Talking about long exposures, there is one thing which makes it bit more inconvenient for long exposure photographers. The older lenses C-type they just allow you to start the exposure with cable release, but not end it, for that you have to manually rotate the exposure time ring on the lens to close the shutter. I do not know why that is, but the newer K/L lenses already have bulb switch and long exposure with them is very simple. Unfortunately, there is no wider that 65 mm lens in K/L version. So if you like wide lenses like me you have to stay with Sekor C 50, and get used to close the shutter with the ring on the lens. It is important to get some practice before you go out for serious photo shoot, especially when it is dark outside. But believe me if you do it carefully you do not have to be worried about camera shake and image quality. My long exposure images are quite sharp!

Title: Bay of Laig 6, Camera: Mamiya RB 67 Pro SD, Lens: Sekor 50 mm, Film: Kodak T-Max 100, Exposure: 180", f 16, Eigg, Scotland, 2013

All there lenses I have are reasonable sharp, the Sekor 50 is very sharp and if you focus it properly you get very acceptable corner to corner sharpness from aperture 8 to 16. The Sekor 90 is also quite sharp, but in certain situations it has very bad barrel distortion, but I believe it will vary from lens to lens and I might have just bad sample. But honestly it is not a big problem for me. I have not been using the Sekor 180 that much, but from what I have seen the results are also very acceptable from sharpness perspective. One thing you have to be aware of, some of these lenses have flouting elements system to improve sharpness. You should not forget to adjust it correctly when focusing your camera. Last thing to remember, if you want to get sharp photographs, you have to put this camera on solid tripod; they are not easy to use handheld.

  Here is Sekor C 50 set up with f 16 and if focused on 2 meters distance, everything from 1.1 meters to infinity will be in sharp focus. The ring with green numbers is adjusting the floating elements!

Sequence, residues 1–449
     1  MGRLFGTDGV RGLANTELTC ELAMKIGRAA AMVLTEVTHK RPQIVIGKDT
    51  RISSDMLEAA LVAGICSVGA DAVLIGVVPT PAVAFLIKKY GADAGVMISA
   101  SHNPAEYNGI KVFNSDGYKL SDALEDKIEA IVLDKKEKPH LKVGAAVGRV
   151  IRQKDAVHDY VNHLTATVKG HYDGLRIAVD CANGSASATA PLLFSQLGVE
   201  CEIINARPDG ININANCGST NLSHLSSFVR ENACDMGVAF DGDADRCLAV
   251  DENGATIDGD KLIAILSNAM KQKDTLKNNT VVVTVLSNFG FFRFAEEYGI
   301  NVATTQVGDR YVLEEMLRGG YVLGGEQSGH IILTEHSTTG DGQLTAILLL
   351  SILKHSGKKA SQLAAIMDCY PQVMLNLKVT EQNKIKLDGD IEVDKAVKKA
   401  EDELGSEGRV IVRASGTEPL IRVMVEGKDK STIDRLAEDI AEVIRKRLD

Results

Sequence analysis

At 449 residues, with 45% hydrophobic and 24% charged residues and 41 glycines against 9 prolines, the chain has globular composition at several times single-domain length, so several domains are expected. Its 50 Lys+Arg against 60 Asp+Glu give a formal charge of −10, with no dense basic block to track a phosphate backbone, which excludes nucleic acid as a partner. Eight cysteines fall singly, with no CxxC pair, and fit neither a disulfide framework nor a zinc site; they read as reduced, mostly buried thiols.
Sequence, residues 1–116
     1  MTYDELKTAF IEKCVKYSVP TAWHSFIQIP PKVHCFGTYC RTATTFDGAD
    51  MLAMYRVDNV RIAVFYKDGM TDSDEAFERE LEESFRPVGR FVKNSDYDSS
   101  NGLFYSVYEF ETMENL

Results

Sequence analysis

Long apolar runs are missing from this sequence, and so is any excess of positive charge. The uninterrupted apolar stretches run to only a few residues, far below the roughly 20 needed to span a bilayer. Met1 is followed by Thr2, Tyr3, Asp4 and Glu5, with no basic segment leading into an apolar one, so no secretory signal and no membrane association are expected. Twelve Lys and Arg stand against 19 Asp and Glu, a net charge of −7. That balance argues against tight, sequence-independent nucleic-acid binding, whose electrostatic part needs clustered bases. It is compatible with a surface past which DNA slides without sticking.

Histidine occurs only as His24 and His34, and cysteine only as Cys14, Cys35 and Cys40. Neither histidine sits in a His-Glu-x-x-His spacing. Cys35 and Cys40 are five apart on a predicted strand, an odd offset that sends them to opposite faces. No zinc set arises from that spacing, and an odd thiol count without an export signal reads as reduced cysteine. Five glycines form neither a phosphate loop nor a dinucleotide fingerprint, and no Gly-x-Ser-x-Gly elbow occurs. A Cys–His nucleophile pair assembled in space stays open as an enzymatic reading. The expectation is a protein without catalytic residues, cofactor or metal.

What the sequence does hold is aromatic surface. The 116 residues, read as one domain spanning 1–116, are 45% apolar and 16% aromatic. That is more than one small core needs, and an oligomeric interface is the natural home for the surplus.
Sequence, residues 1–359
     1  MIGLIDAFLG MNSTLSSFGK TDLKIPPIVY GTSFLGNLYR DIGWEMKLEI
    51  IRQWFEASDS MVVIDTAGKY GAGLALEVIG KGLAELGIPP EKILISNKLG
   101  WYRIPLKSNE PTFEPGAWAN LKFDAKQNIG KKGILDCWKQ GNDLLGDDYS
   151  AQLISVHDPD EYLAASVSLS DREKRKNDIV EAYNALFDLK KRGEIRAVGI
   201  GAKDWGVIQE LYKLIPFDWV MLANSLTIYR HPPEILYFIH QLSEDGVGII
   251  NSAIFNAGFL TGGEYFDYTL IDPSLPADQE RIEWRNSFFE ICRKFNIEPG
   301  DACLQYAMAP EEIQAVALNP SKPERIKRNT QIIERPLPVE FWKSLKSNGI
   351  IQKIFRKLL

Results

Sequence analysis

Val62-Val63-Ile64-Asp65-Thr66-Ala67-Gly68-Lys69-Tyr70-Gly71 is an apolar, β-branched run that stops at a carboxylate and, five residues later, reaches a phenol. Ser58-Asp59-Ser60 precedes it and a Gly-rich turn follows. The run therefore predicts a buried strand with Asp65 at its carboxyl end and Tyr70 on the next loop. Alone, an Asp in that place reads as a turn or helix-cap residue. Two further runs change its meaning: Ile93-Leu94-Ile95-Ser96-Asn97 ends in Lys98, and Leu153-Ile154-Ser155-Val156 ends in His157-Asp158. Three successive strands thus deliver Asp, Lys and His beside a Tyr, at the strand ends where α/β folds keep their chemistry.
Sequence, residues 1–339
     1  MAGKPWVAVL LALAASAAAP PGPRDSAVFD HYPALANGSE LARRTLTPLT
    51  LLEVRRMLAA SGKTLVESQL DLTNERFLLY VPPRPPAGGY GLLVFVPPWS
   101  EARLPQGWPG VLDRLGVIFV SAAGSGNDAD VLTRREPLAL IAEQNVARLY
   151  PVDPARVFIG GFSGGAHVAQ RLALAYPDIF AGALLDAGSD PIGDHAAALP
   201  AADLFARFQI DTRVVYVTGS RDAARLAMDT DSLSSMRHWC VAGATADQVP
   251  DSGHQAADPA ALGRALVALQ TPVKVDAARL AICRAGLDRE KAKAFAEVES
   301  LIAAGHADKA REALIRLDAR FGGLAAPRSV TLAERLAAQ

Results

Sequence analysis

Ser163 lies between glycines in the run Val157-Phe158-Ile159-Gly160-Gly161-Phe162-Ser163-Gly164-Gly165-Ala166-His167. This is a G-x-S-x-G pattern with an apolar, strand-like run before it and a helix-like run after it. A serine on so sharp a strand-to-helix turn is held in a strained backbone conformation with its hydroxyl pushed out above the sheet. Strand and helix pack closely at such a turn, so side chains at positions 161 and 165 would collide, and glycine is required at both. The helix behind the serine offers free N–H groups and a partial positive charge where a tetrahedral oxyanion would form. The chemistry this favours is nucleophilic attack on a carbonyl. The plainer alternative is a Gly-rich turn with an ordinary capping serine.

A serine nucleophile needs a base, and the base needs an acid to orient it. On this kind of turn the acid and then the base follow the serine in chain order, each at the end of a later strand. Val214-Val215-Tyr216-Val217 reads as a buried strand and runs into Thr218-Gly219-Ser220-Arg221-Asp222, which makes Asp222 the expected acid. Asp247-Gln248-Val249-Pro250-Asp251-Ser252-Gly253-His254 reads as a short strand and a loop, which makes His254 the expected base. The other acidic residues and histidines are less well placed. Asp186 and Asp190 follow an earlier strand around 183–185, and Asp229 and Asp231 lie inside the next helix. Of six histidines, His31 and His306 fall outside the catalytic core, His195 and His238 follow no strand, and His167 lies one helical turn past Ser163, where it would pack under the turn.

Here is Sekor C 50 set up with f 16 and if focused on 2 meters distance, everything from 1.1 meters to infinity will be in sharp focus. The ring with green numbers is adjusting the floating elements!

Focusing the camera is actually very simple, and I consider it as another advantage of this system. There are two knobs one on each side, and you just move the lens forward and back to reach your focusing distance. You do not even have to look into the viewfinder, while doing that. There is distance scale on the right side of the camera and you can just set it for desired distance. After that you set the distance and aperture on the lens. It is very simple and very practical, especially for night photography, when you do not see much in viewfinder.

  Focusing knob and the scale, which makes focusing quite easy!

Focusing knob and the scale, which makes focusing quite easy!

The last thing you will need is some exposimetr to help you to determine the correct exposure. You do not have a huge selection of exposure times, but at the end I got use to it and it does not represent any limits for my type of photography. 

So if you are considering experimenting with film and medium format cameras, Mamiya RB 67 might be camera of your consideration. They are not ridiculously expensive and there are plenty of them available on ebay. It will take some time to get use it and remember all the setting you have to do prior pressing shutter button, but the result will be worthy of extra effort. Just wait to see the big negatives on light table and the amazing details on the print. If you are black and white photographer, there will be also significant improvement in gray tones in you prints. Bigger is better in this case:)

I can only recommend this camera system, and if you have any questions please do not hesitate to contact me and I will be very happy to help you.